Here's what Ben Graham might pick if he were alive
Darken the room. Get out the Ouija board. It's time, once again, to channel the ghost of Benjamin Graham.
Graham (1894-1976) is considered the father of value investing. His methods and teachings influence me and many other money managers of the value school. He was a hedge fund manager, a professor at Columbia University and the mentor to today's most famous investor, Warren Buffett.
When I try to guess what the master would pick, I start with a few criteria:
• Stock price less than 12 times earnings.
• Stock price less than stated book value (corporate net worth per share) and less than 1.5 times tangible book value.
• Debt less than 50 percent of stockholders' equity.
This is the 11th column I've written trying to guess what Graham would do in today's markets. The first 10 appeared in August 2001-06, and August 2009-12.
Of the previous 10 columns, seven were profitable and eight beat the Standard & Poor's 500 Index. The average 12-month return for my Graham selections has been 22.8 percent, compared to 10.5 percent for the S&P 500.
Please note that the performance of my column recommendations is hypothetical and doesn't take into account trading costs or taxes. Past performance doesn't predict results. And the results of my column's recommendations should never be confused with those for actual portfolios I manage for clients.
Last year was good for my Graham selections. All five I picked beat the S&P 500, and all five were up 30 percent or more. Thanks to a 108 percent return in Tyson Foods Inc. (TSN), the average return was a lofty 52 percent. That gave my Graham portfolio a victory over the 22 percent return for the S&P 500.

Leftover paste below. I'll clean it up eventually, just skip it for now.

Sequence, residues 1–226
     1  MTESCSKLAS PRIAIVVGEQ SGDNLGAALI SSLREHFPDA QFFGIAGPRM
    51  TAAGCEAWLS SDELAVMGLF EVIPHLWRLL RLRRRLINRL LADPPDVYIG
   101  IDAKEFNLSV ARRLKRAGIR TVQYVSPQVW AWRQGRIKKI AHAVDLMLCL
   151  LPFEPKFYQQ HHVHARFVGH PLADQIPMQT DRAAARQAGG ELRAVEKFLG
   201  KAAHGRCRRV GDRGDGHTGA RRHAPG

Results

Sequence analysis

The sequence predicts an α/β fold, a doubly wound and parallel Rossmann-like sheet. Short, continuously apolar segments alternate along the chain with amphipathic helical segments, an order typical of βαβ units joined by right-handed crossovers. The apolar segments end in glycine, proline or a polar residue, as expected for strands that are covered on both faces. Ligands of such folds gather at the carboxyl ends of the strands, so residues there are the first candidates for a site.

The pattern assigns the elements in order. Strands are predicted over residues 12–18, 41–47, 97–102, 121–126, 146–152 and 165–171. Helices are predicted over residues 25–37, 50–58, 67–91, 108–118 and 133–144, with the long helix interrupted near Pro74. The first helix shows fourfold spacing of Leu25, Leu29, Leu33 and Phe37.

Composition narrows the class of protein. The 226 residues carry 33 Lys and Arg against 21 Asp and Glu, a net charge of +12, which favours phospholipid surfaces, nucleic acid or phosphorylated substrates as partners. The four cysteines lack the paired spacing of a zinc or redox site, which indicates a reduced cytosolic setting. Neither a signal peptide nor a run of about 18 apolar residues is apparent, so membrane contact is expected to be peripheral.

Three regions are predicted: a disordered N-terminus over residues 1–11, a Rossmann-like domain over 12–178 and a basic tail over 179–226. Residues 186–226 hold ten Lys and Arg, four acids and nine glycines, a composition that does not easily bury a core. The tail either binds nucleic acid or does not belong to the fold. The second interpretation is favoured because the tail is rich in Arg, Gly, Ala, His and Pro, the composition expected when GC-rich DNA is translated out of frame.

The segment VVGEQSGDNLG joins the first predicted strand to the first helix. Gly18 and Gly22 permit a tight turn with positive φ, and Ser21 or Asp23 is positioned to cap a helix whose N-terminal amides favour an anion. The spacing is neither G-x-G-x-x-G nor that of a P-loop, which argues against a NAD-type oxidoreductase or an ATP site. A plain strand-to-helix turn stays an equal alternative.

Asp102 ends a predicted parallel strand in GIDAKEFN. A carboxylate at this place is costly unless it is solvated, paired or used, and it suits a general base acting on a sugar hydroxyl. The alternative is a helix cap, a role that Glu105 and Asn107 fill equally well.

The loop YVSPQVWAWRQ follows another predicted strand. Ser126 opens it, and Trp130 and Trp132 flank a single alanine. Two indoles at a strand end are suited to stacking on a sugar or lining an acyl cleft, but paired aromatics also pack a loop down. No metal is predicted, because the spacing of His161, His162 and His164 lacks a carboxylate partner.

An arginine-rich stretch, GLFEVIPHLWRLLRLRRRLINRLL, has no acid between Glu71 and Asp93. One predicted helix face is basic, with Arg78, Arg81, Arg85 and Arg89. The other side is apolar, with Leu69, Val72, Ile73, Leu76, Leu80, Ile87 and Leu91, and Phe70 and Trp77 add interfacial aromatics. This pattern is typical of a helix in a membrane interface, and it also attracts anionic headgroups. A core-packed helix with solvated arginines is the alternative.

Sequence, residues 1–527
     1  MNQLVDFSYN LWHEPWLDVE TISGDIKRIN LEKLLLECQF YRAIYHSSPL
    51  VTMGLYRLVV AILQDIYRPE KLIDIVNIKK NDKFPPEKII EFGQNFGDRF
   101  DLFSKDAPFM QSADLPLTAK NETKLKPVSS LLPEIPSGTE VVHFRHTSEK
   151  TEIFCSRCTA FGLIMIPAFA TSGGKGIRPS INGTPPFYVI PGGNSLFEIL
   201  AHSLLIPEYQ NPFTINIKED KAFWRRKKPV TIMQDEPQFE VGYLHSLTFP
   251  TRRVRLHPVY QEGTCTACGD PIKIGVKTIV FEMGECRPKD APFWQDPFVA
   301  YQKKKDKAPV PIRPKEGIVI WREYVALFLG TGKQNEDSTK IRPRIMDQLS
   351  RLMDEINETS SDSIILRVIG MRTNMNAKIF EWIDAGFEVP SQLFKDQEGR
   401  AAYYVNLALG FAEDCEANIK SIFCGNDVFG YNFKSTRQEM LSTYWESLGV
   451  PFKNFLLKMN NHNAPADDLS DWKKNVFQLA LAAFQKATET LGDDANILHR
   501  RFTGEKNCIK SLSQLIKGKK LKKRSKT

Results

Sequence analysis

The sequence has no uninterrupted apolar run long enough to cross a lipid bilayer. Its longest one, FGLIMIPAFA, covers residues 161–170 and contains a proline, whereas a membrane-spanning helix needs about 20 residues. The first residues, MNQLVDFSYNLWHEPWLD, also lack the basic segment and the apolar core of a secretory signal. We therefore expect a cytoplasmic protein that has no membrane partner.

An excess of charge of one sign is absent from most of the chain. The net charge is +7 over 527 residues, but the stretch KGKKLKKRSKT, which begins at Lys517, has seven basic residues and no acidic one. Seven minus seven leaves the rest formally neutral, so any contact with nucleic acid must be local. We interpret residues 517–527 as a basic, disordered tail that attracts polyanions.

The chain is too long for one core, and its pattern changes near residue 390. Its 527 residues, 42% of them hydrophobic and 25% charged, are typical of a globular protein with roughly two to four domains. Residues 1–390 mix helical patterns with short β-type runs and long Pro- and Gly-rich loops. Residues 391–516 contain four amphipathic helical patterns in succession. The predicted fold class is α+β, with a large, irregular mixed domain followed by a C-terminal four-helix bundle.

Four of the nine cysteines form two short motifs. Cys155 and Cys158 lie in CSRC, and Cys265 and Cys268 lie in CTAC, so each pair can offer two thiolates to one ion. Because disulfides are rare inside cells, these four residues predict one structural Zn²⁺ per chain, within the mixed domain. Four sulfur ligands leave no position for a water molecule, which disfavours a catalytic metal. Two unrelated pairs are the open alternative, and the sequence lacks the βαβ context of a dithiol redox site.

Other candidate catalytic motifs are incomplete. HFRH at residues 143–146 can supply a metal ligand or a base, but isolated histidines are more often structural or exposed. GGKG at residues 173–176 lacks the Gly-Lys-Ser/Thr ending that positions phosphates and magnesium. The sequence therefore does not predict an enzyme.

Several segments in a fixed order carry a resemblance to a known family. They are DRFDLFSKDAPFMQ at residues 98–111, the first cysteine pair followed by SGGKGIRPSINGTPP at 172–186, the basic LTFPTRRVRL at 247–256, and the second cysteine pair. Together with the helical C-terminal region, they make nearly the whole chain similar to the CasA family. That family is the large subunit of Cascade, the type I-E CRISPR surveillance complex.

The worst performer from last year was Corning Inc. (GLW), up 31 percent. Allstate Corp. (ALL) was up 35 percent, First Niagara Financial Group Inc. (FNFG) 36 percent and Kelly Services Inc. (KELYA) 50 percent. All figures include reinvested dividends.
I don't expect this year's picks to do as well as last year's. But if they're anywhere close, I'll be happy.
So, what might Graham pick, were he alive today?
One stock I think he would like is MetLife Inc. (MET), the big life insurer. It sells for nine times earnings and 1.1 times tangible book value.
Rising interest rates, which seem probable the next couple of years, would be a mixed blessing for MetLife. It would enable the company to invest premium income at higher rates until the time comes to pay claims. But it would hurt the value of bonds already in Met's portfolio.
Ingram Micro Inc. (IM), with headquarters in Santa Ana, Calif., is a distributor of computers, software, and related products. Like most distributors, it operates on a thin profit margin, about 1 percent recently in Ingram Micro's case.
That sounds bad, but if your revenue is $43 billion a year (analysts' projection for Ingram this year), that allows for a profit in the neighborhood of $400 million. The company has been profitable in nine of the past ten years.
On the small end of the spectrum, I think Graham might fancy Tropicana Entertainment Inc. (TPCA), a chain of casinos based in Las Vegas, Nev. It owns eight casinos in five states and one on the Caribbean island of Aruba.
The company was put together by financier Carl Icahn after a bankruptcy in 2008-10. It had several predecessor companies, including Aztar Corp. Tropicana Entertainment turned profitable in 2012 and is barely followed by Wall Street.
Even smaller is Northwest Pipe Co. of Vancouver, Wash. The company, which makes steel pipe, was founded in 1966 and went public in 1995. It has turned a profit in eight of the past 10 years.
Graham often favored companies in prosaic industries. I think he would have liked the price/book ratio of 0.97 and the price/tangible book ratio of 1.05.
My final selection is the one I'm least sure of, and I wish I could ask Graham about it. First Solar Inc. (FSLR) of Tempe, Ariz., a maker of solar panels, meets all the statistical criteria I described above.
It has a spotty earnings history. Earnings peaked at well above $7 a share in 2009-10, then turned negative in 2011-12. This year, analysts look for $3.78 a share.
The biggest headache for First Solar is abundant competition from Chinese companies. But with the stock trading below tangible book value, I think the risks are priced in.
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